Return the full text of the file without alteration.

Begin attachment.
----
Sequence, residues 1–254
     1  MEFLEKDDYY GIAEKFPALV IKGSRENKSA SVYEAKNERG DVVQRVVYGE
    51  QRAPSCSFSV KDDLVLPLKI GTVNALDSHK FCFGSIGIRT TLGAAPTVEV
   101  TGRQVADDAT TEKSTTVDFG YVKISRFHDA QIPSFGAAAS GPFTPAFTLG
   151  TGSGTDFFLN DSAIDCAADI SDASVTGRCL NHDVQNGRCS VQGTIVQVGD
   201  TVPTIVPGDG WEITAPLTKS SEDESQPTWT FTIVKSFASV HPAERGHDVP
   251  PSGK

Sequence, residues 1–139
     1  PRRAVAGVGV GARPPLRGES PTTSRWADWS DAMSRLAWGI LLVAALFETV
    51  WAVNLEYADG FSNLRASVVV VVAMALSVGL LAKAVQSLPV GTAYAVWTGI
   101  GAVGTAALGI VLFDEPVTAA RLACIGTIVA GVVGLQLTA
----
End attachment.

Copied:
Sequence, residues 1–254
     1  MEFLEKDDYY GIAEKFPALV IKGSRENKSA SVYEAKNERG DVVQRVVYGE
    51  QRAPSCSFSV KDDLVLPLKI GTVNALDSHK FCFGSIGIRT TLGAAPTVEV
   101  TGRQVADDAT TEKSTTVDFG YVKISRFHDA QIPSFGAAAS GPFTPAFTLG
   151  TGSGTDFFLN DSAIDCAADI SDASVTGRCL NHDVQNGRCS VQGTIVQVGD
   201  TVPTIVPGDG WEITAPLTKS SEDESQPTWT FTIVKSFASV HPAERGHDVP
   251  PSGK

Sequence, residues 1–139
     1  PRRAVAGVGV GARPPLRGES PTTSRWADWS DAMSRLAWGI LLVAALFETV
    51  WAVNLEYADG FSNLRASVVV VVAMALSVGL LAKAVQSLPV GTAYAVWTGI
   101  GAVGTAALGI VLFDEPVTAA RLACIGTIVA GVVGLQLTA